Dolby TrueHD Offers Product Differentiation and Ultimate Audio Quality
With Dolby TrueHD’s 100 percent lossless audio coding technology, equipment manufacturers and content producers can now stand out from the competition by delivering studio-quality surround sound that is identical to the original recording.
For playback through a home theater system, Dolby TrueHD is transported via HDMI® (High Definition Multimedia Interface) version 1.3 or later, a single-cable digital connection for audio and video. Dolby TrueHD content may also be introduced to a playback system via Ethernet or USB connections.
The power of metadata
The powerful Dolby metadata parameters give content creators comprehensive control over how their artistry will be heard in the home.
Dialogue normalization (dialnorm) maintains consistent volume levels when switching between Dolby TrueHD and Dolby Digital or Dolby Digital Plus programming.
Dynamic range control enables reduced peak volume levels without impacting overall sound quality. It’s ideal for late-night viewing.
Downmixing allows the content creator to enable stereo playback from the original multichannel source or to provide an independent stereo “artist’s mix” that is incorporated into the Dolby TrueHD bitstream.
Three presentations, one bitstream
A single Dolby TrueHD stream can contain up to three separate mixes (presentations): a 7.1-channel surround mix, a 5.1-channel surround mix, and a two-channel “artist’s” stereo mix. This gives content creators the ability to tailor each mix for optimum listening on any playback system.
Advanced 96k upsampling
Movie soundtracks and TV shows are often recorded using a 48 kHz (48k) sampling frequency. The brickwall filters required for 48k analog-to-digital (A-to-D) conversion in the recording process introduce artifacts called preringing, heard as an unnatural hardness or edginess.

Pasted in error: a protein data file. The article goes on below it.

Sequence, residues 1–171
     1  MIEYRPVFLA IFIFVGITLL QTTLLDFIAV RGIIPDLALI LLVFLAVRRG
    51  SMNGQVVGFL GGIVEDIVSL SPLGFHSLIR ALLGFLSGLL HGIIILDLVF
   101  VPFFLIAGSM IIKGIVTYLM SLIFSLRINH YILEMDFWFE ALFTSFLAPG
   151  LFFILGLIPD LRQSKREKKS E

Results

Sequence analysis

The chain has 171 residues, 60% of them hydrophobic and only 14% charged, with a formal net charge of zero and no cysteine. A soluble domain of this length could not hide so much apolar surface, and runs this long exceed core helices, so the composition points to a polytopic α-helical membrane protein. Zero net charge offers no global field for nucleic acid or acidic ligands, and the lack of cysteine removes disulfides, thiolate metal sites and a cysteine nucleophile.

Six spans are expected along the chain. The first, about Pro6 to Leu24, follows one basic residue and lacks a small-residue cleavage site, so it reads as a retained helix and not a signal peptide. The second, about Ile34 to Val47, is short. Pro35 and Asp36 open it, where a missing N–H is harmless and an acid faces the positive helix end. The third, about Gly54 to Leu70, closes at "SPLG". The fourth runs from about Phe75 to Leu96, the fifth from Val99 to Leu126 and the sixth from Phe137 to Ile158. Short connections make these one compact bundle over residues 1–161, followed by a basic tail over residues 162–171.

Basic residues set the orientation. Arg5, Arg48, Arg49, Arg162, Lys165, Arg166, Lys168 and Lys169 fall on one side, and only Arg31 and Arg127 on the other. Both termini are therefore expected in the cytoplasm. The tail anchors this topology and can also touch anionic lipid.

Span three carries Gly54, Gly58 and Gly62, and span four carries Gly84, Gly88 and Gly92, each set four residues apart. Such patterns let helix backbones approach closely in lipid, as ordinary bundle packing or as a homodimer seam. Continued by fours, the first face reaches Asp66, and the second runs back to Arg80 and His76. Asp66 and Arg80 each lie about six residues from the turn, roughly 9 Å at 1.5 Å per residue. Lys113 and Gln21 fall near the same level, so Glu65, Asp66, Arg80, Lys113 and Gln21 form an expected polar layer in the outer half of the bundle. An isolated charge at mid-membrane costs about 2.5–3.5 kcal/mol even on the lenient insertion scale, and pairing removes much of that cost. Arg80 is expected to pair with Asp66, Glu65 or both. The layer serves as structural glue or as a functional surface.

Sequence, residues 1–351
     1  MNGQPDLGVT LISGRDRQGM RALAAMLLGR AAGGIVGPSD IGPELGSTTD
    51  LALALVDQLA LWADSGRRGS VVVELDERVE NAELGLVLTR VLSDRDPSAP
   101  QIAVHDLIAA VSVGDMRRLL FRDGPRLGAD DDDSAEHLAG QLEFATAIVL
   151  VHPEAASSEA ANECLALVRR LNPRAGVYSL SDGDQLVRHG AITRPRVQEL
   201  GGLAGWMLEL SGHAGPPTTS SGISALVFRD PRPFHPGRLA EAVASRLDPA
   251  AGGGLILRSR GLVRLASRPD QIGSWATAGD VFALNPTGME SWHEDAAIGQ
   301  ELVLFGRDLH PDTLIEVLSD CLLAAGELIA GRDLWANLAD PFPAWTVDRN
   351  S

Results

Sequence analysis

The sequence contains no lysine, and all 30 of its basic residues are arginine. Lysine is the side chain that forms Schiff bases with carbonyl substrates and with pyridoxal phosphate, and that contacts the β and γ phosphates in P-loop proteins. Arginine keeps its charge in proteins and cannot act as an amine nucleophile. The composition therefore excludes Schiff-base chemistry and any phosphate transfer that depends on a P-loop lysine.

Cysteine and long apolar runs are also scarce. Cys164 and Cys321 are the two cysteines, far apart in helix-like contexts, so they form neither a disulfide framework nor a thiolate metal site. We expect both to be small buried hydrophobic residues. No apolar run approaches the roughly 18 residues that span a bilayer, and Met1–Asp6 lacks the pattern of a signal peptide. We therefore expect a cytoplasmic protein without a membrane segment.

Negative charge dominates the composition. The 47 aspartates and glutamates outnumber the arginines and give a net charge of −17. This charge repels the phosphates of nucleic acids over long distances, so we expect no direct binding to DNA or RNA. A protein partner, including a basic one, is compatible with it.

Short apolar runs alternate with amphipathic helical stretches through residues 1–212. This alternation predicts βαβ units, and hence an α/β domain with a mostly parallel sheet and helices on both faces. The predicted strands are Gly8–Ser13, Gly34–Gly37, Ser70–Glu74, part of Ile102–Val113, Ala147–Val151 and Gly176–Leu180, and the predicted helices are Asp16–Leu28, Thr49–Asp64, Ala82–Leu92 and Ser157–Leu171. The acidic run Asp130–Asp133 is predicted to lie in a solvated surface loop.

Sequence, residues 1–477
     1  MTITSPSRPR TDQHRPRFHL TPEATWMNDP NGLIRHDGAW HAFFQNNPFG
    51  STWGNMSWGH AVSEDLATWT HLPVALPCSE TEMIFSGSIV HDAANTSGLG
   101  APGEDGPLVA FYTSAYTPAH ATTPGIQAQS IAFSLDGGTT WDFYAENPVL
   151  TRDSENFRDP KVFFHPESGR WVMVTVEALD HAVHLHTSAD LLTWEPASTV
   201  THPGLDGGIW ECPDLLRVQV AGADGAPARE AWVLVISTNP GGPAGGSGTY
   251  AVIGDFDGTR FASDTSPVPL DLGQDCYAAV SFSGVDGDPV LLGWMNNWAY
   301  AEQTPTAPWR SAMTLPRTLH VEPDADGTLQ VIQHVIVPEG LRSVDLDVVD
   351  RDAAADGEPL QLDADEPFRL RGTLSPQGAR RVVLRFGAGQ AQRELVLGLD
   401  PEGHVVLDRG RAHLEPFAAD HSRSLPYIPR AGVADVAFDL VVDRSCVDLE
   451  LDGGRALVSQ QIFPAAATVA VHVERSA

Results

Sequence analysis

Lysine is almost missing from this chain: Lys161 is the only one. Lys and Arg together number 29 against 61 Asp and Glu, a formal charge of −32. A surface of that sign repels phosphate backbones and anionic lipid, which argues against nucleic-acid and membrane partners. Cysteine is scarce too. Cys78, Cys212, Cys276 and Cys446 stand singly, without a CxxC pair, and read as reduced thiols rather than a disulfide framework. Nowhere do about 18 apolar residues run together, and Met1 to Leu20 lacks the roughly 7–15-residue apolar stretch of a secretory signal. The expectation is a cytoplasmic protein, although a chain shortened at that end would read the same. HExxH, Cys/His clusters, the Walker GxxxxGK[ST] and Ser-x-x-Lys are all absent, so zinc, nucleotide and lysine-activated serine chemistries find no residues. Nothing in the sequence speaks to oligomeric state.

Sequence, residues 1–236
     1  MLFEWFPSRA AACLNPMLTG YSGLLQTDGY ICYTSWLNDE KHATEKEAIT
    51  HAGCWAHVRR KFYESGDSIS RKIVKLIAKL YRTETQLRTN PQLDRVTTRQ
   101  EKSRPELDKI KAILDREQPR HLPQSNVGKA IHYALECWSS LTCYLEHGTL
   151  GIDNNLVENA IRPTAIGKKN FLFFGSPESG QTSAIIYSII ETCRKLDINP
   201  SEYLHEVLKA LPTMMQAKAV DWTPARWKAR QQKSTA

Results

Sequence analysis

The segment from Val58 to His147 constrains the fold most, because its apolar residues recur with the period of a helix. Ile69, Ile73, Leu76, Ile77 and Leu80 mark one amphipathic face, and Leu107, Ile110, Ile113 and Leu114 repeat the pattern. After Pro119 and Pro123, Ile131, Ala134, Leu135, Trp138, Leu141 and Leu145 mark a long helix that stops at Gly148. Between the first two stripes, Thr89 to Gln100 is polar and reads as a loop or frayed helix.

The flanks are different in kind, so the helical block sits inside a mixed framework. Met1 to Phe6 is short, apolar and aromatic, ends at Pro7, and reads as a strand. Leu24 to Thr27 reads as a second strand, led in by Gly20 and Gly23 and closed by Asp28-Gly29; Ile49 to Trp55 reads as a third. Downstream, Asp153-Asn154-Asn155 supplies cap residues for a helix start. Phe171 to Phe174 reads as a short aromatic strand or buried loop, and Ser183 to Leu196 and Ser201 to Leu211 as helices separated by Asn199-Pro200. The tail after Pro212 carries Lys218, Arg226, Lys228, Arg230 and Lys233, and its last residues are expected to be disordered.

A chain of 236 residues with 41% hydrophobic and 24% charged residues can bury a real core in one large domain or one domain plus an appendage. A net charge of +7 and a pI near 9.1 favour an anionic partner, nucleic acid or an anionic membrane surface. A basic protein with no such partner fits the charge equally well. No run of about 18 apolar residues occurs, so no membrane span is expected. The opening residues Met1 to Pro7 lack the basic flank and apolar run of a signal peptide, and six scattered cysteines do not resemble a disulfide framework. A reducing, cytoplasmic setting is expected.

To deliver clearer, more natural playback sound from this content, Dolby TrueHD encoding now includes a proven 96 kHz (96k) upsampling process developed by Meridian Audio. It significantly improves the sound from a Blu-ray Disc in any channel configuration.
The process applies higher sample rates and increased playback quality through an advanced apodizing filter that masks undesirable digital artifacts in 48k material. The upsampling takes place before Dolby TrueHD encoding.
By applying the upsampling in software, Dolby TrueHD creates content that’s compatible with all Blu-ray™ players and all A/V receivers with 96k digital-to-analog converters (DACs). It does not add any computing burden in playback. Although the upsampling increases file size and data rates, the optional Dolby Mapping (noise-shaping) feature, specifically designed for Dolby TrueHD, minimizes or eliminates these increases.
Content producers can employ the upsampling feature at their discretion. The process is designed to improve 48k audio files and is not needed for native 96k material.
Ready for the future
Dolby TrueHD can deliver up to 16 channels of pristine audio, so it is ready for any future HD streamed formats. On Blu-ray Disc today, it delivers up to eight full-range channels of 24-bit/96 kHz audio and supports up to 24-bit/192 kHz for stereo and 5.1 content.